INDIANAPOLIS — A mother who cited religious freedom as a defense for beating her son with a coat hanger will serve a year on probation.
After a doctor found 36 bruises on her 7-year-old son, Khin Par Thaing claimed her discipline method came straight from her evangelical Christian beliefs.
Marion Superior Judge Kurt Eisgruber accepted a plea agreement Friday in which Thaing admitted she committed battery when she struck her son in February.
While Thaing pleaded guilty to felony battery, the agreement directed the judge to reduce it to a misdemeanor. In exchange, prosecutors dismissed a neglect charge and a more serious charge of felony battery.
Thaing, 30, came to court with her lawyer and several supporters. An interpreter assisted the Burmese refugee and Thaing gave short, yes-or-no answers throughout the hearing, which lasted 15 minutes.
Thaing and her lawyer, Greg Bowes, declined comment Friday. In court records, Thaing cited Scripture as a defense against the charges.
"Do not withhold discipline from a child," Thaing said in court documents, citing the Old Testament's Proverbs 23:13-14. "If you strike him with a rod, he will not die. If you strike him with the rod, you will save his soul from Sheol," generally a synonym for Hades.
The Religious Freedom Restoration Act, enacted in 2015, says the government cannot intrude on a person's religious liberty unless it can prove a compelling interest in imposing that burden and can do so in the least restrictive way.
The beating occurred Feb. 3 when Thaing said she stopped her son from dangerous behavior that would seriously have harmed his 3-year-old sister.
Thaing hit both children with a plastic coat hanger before telling them to kneel and pray for God's mercy, according to the documents.
"I was worried for my son's salvation with God after he dies," Thaing said in court documents. "I decided to punish my son to prevent him from hurting my daughter and to help him learn how to behave as God would want him to."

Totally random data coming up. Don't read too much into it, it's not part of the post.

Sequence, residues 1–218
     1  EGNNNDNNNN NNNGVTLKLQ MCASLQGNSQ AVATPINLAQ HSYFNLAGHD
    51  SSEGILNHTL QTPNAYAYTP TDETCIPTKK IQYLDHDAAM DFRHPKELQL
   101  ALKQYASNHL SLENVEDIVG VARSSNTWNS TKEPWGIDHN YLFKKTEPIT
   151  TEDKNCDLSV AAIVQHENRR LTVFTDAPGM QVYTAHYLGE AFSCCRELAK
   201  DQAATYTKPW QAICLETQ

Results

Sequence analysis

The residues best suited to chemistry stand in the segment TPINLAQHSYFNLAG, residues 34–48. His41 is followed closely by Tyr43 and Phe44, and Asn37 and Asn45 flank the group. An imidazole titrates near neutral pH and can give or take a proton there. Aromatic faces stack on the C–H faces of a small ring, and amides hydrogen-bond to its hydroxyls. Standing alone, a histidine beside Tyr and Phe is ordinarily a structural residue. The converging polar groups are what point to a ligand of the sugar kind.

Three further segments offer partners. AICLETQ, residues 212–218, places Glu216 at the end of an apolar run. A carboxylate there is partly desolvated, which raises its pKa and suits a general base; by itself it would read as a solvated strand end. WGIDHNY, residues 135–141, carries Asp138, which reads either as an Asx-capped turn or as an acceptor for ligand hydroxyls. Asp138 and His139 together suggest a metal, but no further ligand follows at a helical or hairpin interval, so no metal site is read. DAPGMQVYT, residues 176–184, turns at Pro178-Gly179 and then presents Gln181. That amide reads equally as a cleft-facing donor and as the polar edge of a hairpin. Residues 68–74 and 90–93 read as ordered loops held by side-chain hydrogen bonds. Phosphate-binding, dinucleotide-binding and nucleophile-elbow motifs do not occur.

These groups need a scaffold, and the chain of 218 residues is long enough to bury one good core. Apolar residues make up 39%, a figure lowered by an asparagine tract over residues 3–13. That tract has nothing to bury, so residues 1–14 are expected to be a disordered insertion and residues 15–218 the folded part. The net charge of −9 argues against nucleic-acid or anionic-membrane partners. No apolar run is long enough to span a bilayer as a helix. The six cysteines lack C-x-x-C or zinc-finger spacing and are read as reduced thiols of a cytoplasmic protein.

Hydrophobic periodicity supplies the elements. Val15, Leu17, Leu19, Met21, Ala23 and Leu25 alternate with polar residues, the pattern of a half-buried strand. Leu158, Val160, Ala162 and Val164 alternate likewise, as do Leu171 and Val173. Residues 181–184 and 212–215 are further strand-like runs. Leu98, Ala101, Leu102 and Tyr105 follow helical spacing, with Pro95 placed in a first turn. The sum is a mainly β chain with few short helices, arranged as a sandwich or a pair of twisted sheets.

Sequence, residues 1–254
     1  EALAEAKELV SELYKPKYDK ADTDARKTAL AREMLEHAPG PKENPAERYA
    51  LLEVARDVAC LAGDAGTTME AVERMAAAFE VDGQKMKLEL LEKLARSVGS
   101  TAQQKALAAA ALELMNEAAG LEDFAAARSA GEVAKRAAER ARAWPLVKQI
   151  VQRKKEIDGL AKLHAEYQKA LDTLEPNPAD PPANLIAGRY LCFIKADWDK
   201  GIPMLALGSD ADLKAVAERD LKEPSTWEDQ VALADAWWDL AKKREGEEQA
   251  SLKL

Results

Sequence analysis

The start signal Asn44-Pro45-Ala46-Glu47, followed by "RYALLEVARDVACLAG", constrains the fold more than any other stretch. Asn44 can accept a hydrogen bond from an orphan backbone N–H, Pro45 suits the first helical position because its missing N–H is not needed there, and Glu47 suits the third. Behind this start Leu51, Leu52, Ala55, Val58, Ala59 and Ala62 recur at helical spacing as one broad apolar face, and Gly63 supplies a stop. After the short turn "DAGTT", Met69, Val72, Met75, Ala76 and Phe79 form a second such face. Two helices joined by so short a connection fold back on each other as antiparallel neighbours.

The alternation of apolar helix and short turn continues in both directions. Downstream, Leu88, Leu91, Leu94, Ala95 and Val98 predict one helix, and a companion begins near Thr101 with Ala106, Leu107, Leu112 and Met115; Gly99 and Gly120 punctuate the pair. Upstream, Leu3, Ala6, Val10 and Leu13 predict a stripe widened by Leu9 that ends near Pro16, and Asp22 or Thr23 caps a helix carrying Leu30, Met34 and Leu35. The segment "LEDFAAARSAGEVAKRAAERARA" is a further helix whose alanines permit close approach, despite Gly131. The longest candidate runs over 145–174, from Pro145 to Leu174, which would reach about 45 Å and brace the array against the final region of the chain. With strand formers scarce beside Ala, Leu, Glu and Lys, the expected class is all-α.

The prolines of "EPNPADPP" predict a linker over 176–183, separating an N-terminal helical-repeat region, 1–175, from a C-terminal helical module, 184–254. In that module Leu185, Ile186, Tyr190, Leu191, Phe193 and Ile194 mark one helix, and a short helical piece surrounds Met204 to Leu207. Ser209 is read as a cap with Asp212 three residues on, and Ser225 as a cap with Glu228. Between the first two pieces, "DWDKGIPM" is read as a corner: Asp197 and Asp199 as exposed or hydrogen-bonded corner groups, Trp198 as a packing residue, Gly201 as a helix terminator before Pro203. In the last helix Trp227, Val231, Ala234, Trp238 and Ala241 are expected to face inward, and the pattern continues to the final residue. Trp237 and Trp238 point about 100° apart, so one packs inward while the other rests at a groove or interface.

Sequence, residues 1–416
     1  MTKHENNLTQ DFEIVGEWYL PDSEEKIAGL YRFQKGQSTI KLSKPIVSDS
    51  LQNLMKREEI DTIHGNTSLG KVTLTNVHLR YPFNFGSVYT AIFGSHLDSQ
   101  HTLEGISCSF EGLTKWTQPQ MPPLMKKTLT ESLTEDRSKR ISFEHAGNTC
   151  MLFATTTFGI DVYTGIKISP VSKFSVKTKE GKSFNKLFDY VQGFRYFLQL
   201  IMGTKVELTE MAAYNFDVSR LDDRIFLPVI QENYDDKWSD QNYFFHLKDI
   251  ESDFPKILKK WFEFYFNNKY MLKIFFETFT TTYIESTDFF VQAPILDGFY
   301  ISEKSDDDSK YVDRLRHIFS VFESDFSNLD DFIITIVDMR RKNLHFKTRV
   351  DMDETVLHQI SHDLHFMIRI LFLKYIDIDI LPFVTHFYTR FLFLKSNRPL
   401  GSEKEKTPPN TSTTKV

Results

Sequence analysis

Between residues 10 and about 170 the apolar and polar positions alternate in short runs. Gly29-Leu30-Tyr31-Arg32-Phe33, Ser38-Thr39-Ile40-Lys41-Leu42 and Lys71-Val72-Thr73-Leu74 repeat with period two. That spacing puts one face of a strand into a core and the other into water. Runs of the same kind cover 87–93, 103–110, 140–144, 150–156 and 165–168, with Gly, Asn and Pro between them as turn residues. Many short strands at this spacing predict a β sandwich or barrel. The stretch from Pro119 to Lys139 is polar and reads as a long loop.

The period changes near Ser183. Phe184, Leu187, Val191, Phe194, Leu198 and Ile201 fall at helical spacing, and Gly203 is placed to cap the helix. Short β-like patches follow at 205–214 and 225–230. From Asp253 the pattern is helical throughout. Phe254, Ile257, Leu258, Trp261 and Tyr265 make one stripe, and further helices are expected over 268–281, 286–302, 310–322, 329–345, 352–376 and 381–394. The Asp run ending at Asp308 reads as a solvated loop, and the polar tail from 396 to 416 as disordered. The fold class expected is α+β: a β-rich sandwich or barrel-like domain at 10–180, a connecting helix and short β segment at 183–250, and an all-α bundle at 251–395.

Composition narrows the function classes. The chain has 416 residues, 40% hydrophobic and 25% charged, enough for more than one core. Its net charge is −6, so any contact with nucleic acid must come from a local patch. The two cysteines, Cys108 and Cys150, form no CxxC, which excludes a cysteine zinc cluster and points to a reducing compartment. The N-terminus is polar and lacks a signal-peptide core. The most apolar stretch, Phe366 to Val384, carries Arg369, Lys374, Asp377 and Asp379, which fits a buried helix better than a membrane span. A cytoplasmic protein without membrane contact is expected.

Indiana Gov. Mike Pence signed the controversial religious freedom law in spring 2015, more than a year before Republican presidential nominee Donald Trump chose him as his running mate.
This isn't the only time religious freedom has been used in court:
• The First Church of Cannabis in Indianapolis is claiming religious freedom in a lawsuit seeking to win the right to smoke marijuana during worship services.
• The American Civil Liberties Union of Indiana cited the law on behalf of a Boone County Jail inmate who was denied meals that conformed to his Muslim faith. The ACLU dropped the federal lawsuit earlier this month after the Boone County Sheriff's Office gave inmates an option for a halal meal plan.
Marion County Prosecutor Terry Curry has said he expects more criminal defendants will cite religion in their defense, which means more deputy prosecutors and courts will have to devote time and resources to arguing the merits of the claim.
The criminal case against Thaing was complicated by more than her religious rights. She cited cultural differences as part of her defense, noting that her family had been granted asylum from political and religious persecution in Burma.
Another wrinkle in the case is that an Indiana Supreme Court decision gives parents the right to punish their children with cords or belts and possibly coat hangers, legal experts said.
Follow Vic Ryckaert on Twitter: @VicRyc